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Ramstein's Matt Burns returns a pass interception in the Division I title game in Baumholder on Saturday night. Ramstein defended their title in a rematch of last year's game, beating Heidelberg 21-7.
Ramstein's Matt Burns returns a pass interception in the Division I title game in Baumholder on Saturday night. Ramstein defended their title in a rematch of last year's game, beating Heidelberg 21-7. (Michael Abrams / S&S)

BAUMHOLDER, Germany — The storyline on Ramstein’s 21-7 victory over the Heidelberg Lions in the Division I European high school championship game was right under quarterback Jackson Knox’s nose all night Saturday.

“Our lines did the job,” Knox said after his offensive front sprang Royals runners for 73 rushing yards and two touchdowns on Ramstein’s first two possessions of the game.

“They took care of business.”

Both ways.

Ramstein’s defensive front, led by 260-pound senior tackle Michael Kelly, who was chosen as the game’s defensive MVP, provided decisive first-quarter field position by limiting the Lions to three-and-outs on their first two possessions.

Heidelberg punter J.C. Sharer got off a 48-yarder that forced Ramstein to cover 71 yards on its opening march, but Knox retrieved most of the 48 with a 38-yard completion to senior Matt Burns on third-and-8 from his own 31. Sophomore running back Michael Wallace covered the final 21 yards of the six-play drive.

Ramstein’s next possession began on Heidelberg’s 43 after Sharer shanked a 10-yard punt. Offensive MVP Evan Canfield, a junior, capped that five-play march with a 25-yard run up the gut.

“Our line was fantastic,” said Canfield, who gained 49 of his 53 rushing yards on Ramstein’s first two drives. “That’s the bottom line.”

Or, in this case, the top line on the field. In the second quarter, Ramstein added a 16-yard field goal and 5-yard TD run, both by Canfield. Both scores were set up by 40-yard punt returns by Scott Sublousky and Burns, respectively.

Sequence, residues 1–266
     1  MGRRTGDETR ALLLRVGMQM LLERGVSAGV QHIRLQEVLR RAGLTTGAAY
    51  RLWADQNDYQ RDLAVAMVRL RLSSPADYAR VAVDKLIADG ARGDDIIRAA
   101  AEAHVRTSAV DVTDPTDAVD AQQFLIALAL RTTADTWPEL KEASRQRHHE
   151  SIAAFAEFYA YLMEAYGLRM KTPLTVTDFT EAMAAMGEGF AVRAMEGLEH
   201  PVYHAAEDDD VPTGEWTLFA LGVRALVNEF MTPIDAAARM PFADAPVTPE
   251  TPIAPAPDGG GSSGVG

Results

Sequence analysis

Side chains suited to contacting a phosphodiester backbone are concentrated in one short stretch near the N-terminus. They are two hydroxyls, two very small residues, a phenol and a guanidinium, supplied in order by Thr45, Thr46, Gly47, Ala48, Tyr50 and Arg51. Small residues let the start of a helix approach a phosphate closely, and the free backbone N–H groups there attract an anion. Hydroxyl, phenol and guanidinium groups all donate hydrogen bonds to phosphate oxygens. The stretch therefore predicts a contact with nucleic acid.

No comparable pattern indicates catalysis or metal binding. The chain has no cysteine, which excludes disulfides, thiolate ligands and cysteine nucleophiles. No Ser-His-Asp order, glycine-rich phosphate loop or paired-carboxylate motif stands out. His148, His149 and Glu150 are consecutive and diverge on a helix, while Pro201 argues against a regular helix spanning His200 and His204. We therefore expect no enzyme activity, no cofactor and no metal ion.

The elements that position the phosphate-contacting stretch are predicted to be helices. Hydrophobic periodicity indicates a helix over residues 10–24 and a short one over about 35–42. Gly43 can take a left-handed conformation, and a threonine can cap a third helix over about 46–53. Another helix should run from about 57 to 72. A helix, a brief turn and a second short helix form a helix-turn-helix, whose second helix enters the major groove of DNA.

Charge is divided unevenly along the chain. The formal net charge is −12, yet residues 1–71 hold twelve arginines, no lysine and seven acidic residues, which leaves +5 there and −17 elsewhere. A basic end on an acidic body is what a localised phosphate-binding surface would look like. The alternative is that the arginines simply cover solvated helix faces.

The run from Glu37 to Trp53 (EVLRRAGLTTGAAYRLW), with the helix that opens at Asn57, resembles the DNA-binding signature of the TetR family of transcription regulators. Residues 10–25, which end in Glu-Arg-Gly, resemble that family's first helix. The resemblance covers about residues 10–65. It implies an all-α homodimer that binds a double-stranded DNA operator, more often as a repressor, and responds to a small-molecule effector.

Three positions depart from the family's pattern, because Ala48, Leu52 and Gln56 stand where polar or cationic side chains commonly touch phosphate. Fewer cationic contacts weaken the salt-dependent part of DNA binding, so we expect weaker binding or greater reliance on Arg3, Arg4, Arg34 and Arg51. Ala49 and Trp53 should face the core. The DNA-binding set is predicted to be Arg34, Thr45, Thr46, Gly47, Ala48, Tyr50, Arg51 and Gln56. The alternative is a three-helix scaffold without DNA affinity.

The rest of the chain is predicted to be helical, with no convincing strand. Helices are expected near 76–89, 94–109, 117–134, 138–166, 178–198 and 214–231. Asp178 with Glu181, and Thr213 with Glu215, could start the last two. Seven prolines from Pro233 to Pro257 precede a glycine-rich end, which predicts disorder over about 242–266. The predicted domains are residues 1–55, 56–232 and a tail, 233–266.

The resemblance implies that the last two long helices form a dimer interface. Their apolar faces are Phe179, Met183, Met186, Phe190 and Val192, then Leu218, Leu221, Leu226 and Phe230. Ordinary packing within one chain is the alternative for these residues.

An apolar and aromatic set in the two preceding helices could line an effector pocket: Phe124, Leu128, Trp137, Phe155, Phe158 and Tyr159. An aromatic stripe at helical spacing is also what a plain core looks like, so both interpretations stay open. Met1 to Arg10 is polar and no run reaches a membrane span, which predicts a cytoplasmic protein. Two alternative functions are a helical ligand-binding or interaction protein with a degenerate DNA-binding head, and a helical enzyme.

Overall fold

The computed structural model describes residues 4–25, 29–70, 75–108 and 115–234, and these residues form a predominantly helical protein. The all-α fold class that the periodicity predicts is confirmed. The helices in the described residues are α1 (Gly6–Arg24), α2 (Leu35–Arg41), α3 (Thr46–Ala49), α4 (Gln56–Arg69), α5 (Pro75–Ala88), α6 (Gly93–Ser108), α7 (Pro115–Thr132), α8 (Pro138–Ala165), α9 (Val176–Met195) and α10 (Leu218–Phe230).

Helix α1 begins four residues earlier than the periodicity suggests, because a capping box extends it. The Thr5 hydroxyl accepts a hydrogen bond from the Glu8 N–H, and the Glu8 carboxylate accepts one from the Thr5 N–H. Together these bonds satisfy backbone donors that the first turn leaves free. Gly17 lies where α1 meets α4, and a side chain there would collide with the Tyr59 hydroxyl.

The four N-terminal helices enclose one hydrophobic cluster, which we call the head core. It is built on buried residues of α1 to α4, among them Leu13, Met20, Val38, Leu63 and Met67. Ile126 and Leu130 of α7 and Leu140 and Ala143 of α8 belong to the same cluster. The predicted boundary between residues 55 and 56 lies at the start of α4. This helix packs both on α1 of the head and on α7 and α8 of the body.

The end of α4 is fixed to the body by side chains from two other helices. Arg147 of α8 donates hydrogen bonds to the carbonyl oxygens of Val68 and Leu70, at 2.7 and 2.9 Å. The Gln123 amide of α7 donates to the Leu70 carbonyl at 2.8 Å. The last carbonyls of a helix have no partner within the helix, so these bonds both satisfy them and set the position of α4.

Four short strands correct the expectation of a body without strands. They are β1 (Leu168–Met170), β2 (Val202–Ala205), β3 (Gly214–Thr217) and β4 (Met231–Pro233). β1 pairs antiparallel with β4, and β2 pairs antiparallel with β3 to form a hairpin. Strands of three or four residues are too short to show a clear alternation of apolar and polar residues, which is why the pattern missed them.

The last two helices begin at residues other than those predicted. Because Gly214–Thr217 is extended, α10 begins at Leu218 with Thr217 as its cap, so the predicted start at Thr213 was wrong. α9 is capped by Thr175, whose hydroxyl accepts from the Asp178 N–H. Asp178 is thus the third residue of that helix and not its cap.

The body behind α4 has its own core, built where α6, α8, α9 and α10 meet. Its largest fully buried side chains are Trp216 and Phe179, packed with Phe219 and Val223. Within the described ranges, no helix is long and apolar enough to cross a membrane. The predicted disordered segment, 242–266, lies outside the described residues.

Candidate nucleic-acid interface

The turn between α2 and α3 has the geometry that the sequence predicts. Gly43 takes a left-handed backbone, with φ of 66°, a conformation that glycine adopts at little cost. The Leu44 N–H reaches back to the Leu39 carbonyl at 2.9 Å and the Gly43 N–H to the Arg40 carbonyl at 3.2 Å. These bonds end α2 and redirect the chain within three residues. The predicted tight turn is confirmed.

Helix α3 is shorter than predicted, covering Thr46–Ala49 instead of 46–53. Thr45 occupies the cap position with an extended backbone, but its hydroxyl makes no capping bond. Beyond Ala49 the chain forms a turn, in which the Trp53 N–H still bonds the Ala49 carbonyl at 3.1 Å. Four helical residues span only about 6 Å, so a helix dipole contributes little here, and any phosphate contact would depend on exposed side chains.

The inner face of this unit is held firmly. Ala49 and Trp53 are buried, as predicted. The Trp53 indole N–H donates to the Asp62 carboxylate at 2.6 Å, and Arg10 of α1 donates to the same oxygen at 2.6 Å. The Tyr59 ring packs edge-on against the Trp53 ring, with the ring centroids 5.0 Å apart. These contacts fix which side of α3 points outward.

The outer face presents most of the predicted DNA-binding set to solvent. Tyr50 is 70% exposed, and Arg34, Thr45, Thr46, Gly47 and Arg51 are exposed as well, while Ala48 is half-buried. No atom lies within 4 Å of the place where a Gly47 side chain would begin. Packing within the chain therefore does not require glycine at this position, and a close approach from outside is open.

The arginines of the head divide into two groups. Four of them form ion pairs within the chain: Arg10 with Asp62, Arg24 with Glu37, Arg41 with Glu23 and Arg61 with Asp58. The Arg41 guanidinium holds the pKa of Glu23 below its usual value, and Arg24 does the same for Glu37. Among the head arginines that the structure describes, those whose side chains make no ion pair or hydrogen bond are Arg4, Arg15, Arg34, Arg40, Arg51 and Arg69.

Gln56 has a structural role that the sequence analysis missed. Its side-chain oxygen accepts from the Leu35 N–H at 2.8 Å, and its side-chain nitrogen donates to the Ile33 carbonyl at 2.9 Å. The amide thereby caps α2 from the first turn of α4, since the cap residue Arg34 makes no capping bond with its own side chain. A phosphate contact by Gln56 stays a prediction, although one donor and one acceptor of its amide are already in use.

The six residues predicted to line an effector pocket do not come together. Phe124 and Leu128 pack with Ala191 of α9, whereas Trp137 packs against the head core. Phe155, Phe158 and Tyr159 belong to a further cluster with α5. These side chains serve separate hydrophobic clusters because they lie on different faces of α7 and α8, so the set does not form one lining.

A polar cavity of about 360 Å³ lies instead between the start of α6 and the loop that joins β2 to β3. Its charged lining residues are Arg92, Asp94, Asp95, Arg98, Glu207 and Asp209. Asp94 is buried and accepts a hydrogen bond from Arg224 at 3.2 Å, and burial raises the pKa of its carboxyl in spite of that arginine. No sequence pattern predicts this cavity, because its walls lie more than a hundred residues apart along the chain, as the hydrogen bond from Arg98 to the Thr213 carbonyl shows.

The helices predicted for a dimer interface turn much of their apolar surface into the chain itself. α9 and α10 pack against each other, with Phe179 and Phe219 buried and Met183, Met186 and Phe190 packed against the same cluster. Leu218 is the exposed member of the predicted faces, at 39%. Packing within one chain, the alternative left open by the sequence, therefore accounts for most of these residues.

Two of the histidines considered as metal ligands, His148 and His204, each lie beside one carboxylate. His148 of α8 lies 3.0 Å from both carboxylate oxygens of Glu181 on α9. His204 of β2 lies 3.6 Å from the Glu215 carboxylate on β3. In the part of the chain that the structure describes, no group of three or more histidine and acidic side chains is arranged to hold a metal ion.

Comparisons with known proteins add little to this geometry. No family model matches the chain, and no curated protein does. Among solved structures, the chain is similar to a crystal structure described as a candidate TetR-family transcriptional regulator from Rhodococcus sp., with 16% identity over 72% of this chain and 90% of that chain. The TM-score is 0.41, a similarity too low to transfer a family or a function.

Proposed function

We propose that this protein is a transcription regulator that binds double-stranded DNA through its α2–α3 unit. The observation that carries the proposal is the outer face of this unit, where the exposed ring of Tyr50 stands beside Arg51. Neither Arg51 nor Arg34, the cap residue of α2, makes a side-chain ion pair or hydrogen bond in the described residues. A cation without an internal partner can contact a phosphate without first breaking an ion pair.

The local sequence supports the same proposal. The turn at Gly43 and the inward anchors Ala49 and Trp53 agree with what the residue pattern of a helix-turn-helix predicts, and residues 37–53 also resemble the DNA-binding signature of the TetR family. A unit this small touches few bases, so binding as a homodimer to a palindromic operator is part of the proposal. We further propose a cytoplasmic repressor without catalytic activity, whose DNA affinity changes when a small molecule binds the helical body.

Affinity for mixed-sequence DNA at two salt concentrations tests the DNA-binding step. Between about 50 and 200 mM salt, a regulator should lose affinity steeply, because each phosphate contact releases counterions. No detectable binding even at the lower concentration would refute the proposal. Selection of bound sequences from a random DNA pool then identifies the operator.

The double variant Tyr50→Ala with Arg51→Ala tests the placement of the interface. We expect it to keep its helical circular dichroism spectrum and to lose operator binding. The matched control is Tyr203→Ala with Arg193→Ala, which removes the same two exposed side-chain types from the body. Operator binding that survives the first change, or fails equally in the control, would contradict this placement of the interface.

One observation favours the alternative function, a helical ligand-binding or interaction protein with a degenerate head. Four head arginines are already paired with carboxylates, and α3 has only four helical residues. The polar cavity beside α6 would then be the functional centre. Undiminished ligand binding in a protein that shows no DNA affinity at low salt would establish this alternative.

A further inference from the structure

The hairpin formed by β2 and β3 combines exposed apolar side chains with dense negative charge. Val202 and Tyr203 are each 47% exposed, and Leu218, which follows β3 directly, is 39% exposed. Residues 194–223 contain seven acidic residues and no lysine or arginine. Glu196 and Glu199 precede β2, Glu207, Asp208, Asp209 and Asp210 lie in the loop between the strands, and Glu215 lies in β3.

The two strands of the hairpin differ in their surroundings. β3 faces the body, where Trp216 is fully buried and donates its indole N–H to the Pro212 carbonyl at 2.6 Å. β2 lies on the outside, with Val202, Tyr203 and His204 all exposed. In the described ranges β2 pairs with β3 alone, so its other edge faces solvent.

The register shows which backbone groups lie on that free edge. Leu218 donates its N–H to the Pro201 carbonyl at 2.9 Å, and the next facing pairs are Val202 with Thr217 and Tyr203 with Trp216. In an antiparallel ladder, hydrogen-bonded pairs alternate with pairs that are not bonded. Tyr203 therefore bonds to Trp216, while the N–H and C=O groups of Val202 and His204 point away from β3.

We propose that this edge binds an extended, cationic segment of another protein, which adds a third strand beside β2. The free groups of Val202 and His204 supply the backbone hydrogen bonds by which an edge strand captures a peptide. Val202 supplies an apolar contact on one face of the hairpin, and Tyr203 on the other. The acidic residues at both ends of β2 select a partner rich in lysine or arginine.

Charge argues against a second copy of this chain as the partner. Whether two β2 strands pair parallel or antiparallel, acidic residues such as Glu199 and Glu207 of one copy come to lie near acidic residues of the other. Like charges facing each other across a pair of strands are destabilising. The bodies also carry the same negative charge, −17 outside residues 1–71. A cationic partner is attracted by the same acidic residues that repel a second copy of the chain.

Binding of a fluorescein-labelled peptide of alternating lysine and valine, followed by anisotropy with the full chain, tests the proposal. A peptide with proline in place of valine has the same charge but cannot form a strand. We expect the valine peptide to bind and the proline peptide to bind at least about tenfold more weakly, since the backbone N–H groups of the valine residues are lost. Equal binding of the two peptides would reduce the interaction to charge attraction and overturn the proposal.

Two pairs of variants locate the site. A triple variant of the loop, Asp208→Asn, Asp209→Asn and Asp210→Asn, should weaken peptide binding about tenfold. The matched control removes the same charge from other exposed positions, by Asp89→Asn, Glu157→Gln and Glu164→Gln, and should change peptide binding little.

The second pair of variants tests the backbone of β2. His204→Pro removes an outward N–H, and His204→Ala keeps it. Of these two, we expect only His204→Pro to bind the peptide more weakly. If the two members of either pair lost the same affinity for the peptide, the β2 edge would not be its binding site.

The Royals then settled in to protect their 21-0 lead by letting the air out of the ball and, if possible, the Lions lined up across from them.

“Smash-mouth football is always fun,” Kelly said. “We were trying to stop them outside and contain them when they came back to the middle.”

Except for Heidelberg’s ensuing possession, a 71-yard, 10-play drive that produced the Lions’ lone TD, the strategy worked perfectly. Thonda Taylor carried on seven of those plays and covered 47 yards, more than half of his 91 yards on 21 carries for the day. QB Chris Frazier sneaked the ball in from the 1 with 2:50 left in the half, and Kyle Ulses added the PAT kick.

It was to be the final score by either team. Ramstein managed just 100 yards on the ground in the final three quarters; Heidelberg, which rushed for just 1 yard in the opening 12 minutes, gained only 70 yards in the second half.

Each quarterback completed just one of four pass attempts. Knox’s covered 38 yards; Frazier’s 27.

The Mountain West it wasn’t.

The Seven Blocks of Granite it was.

“The offensive and defensive lines won it for us,” Sublousky said. “Our coaches told us before the game that that’s what would win it for us.”

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